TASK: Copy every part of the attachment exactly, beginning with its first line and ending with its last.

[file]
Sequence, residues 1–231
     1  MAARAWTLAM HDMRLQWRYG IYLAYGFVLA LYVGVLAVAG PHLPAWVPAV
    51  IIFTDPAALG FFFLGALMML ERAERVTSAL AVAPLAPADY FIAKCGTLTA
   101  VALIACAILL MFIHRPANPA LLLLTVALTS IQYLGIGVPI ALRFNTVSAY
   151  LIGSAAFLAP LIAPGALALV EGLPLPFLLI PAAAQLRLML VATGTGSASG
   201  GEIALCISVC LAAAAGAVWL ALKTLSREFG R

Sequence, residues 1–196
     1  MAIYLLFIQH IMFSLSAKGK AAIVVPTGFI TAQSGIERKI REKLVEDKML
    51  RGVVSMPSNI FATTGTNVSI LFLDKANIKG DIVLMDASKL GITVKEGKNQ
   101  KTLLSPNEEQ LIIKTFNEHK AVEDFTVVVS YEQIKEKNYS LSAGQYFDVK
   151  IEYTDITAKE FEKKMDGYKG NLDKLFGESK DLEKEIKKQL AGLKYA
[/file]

Sequence, residues 1–231
     1  MAARAWTLAM HDMRLQWRYG IYLAYGFVLA LYVGVLAVAG PHLPAWVPAV
    51  IIFTDPAALG FFFLGALMML ERAERVTSAL AVAPLAPADY FIAKCGTLTA
   101  VALIACAILL MFIHRPANPA LLLLTVALTS IQYLGIGVPI ALRFNTVSAY
   151  LIGSAAFLAP LIAPGALALV EGLPLPFLLI PAAAQLRLML VATGTGSASG
   201  GEIALCISVC LAAAAGAVWL ALKTLSREFG R

Sequence, residues 1–196
     1  MAIYLLFIQH IMFSLSAKGK AAIVVPTGFI TAQSGIERKI REKLVEDKML
    51  RGVVSMPSNI FATTGTNVSI LFLDKANIKG DIVLMDASKL GITVKEGKNQ
   101  KTLLSPNEEQ LIIKTFNEHK AVEDFTVVVS YEQIKEKNYS LSAGQYFDVK
   151  IEYTDITAKE FEKKMDGYKG NLDKLFGESK DLEKEIKKQL AGLKYA